Author: Zeno Leoni – 27/05/2020
Rising China, a paradox made in USA[i]
After World War II, the United States erected the pillars of a global sphere of influence. A paradox, because ‘sphere of influence’ – concept from the nineteenth-century – is something purely territorial and national, while ‘global’ refers to the overcoming of states’ borders. Compared to past empires, the US-led order combined globalism with national interests. The result was a system centered on free market rule of law, but which favored the most advanced economy of all, the USA. This American-styled globalization, however, only works if states outside of it are integrated within the capitalist system to keep the system growing. Thanks to the synergy between state and strategic industries, China has carried out this transition with far too much success. Another paradox arose. With the economic interdependence between the two giants and the widespread Chinese presence in global supply chains, the US and China have become best friends and worst enemies at the same time. So much so that as strategist Luttwak says, Washington has three competing strategies towards China, those of the Treasury, the Department of State and the Pentagon. Washington and Beijing are best friends because the US has a structural need for the Chinese locomotive; worst enemies because China has gone from a world t-shirt factory to challenging the Silicon Valley’s primacy on high-tech. For this reason, Obama and Trump, respectively with the Trans-Pacific Partnership and trade tariffs, have tried to impose a domestic reform on Beijing to break the bond between state and strategic industries that is at the heart of Chinese mercantilism. As American leaders often repeat, coming second on the technological race will cost the US its world hegemony. But the US is struggling to find the right balance between economic openness and military containment to China. The difficulty of the two rivals in confronting each other with a decisive clash has displaced mutual tensions in Europe and Southeast Asia. They ‘fight’ each other by proxy. Every issue, from Huawei to covid-19, opens a new space for delegitimizing the opponent without destroying him. For now.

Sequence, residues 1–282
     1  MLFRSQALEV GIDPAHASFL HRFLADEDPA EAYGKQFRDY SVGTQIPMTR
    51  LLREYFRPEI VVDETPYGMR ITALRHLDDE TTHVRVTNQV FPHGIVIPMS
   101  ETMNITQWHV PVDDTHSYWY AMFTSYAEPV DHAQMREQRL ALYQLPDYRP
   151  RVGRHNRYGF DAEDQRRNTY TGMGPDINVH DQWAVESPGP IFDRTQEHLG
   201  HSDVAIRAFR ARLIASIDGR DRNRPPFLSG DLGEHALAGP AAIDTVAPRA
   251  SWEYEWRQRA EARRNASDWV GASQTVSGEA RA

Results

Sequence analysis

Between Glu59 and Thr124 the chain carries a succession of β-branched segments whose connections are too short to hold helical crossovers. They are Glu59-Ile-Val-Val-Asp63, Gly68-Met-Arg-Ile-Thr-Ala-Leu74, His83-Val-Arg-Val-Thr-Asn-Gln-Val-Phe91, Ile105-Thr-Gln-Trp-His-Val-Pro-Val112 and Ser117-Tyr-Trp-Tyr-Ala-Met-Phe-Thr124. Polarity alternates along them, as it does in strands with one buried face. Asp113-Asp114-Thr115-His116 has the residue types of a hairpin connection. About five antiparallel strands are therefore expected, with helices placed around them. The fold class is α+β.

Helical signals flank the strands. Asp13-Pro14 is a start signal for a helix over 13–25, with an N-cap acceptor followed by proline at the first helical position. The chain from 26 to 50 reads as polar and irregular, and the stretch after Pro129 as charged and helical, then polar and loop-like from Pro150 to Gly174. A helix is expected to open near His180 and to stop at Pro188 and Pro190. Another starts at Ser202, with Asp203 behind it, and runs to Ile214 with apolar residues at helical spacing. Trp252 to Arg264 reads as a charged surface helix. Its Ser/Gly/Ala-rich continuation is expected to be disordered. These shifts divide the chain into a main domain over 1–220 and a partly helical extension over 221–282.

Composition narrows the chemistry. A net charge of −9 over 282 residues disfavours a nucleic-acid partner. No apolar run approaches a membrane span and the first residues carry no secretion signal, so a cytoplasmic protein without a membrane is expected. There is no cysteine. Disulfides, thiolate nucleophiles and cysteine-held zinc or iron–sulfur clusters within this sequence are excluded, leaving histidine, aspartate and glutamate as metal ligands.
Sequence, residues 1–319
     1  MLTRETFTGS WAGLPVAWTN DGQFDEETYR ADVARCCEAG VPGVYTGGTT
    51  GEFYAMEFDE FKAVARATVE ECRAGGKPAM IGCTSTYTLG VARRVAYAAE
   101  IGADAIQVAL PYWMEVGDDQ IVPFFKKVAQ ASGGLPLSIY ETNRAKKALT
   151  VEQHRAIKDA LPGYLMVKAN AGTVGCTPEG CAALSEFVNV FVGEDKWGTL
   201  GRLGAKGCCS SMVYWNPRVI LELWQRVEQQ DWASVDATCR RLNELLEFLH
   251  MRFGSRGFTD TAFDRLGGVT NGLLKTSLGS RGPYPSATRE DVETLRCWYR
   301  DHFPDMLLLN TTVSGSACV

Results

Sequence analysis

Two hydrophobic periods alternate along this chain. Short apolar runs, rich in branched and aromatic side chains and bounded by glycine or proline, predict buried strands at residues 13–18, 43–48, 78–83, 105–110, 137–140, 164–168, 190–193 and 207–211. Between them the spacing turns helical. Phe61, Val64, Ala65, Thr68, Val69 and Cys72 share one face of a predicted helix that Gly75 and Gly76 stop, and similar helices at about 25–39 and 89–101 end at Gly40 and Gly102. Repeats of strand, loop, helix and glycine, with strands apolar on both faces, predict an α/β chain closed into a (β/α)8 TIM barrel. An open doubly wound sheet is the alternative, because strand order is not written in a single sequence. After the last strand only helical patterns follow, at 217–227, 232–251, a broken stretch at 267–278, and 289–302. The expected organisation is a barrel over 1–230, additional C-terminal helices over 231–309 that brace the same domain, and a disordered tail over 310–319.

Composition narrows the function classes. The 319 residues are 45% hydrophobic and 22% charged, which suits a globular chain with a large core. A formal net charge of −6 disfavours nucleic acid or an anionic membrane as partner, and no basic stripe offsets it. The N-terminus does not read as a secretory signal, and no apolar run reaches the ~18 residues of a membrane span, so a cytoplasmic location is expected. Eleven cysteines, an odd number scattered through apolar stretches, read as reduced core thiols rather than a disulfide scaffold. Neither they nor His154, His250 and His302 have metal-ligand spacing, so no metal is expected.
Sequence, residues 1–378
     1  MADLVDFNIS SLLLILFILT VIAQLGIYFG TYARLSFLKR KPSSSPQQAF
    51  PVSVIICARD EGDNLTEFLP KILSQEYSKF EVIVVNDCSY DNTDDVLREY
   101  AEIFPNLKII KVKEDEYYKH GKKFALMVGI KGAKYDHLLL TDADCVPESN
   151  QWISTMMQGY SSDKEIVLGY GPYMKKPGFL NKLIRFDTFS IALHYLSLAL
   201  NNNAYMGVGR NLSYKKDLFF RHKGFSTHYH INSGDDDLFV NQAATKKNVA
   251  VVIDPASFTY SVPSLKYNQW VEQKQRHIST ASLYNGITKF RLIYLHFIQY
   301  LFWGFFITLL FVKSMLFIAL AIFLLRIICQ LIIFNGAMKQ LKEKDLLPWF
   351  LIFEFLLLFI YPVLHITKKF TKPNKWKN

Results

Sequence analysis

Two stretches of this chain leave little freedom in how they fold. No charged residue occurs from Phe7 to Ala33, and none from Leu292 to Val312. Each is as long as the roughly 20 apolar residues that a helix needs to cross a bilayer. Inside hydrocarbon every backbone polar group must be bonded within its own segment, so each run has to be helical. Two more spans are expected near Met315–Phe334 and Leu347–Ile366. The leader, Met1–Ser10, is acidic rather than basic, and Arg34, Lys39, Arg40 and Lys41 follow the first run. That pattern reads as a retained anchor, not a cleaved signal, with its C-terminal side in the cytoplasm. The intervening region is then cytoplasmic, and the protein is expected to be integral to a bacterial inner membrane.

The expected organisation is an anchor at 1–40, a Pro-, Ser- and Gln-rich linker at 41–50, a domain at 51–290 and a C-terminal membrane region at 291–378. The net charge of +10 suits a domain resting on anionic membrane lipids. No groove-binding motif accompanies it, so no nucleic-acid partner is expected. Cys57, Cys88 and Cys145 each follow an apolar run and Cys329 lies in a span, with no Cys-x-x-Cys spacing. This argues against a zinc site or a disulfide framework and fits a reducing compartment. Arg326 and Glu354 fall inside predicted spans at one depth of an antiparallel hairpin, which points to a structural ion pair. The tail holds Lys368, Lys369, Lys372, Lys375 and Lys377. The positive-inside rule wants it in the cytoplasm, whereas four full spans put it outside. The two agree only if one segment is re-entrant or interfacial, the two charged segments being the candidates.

[i] This article was published in Italian in America-Cina, a special section of the Corriere della Sera.
Zeno Leoni – Teaching Fellow in ‘Challenges to the International Order’; Defence Studies Department; Affiliate Lau China Institute King’s College London